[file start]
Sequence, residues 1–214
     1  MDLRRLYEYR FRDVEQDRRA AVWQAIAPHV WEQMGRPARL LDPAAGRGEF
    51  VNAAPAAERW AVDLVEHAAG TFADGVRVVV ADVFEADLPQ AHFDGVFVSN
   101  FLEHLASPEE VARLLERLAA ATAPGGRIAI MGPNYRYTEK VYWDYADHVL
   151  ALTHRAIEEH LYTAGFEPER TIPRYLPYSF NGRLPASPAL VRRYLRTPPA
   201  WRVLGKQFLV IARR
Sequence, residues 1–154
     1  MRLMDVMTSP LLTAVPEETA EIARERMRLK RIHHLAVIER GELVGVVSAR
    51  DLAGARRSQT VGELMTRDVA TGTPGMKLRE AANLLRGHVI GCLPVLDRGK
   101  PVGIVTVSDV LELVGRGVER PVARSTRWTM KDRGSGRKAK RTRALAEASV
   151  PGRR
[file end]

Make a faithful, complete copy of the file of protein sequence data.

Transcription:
Sequence, residues 1–214
     1  MDLRRLYEYR FRDVEQDRRA AVWQAIAPHV WEQMGRPARL LDPAAGRGEF
    51  VNAAPAAERW AVDLVEHAAG TFADGVRVVV ADVFEADLPQ AHFDGVFVSN
   101  FLEHLASPEE VARLLERLAA ATAPGGRIAI MGPNYRYTEK VYWDYADHVL
   151  ALTHRAIEEH LYTAGFEPER TIPRYLPYSF NGRLPASPAL VRRYLRTPPA
   201  WRVLGKQFLV IARR
Sequence, residues 1–154
     1  MRLMDVMTSP LLTAVPEETA EIARERMRLK RIHHLAVIER GELVGVVSAR
    51  DLAGARRSQT VGELMTRDVA TGTPGMKLRE AANLLRGHVI GCLPVLDRGK
   101  PVGIVTVSDV LELVGRGVER PVARSTRWTM KDRGSGRKAK RTRALAEASV
   151  PGRR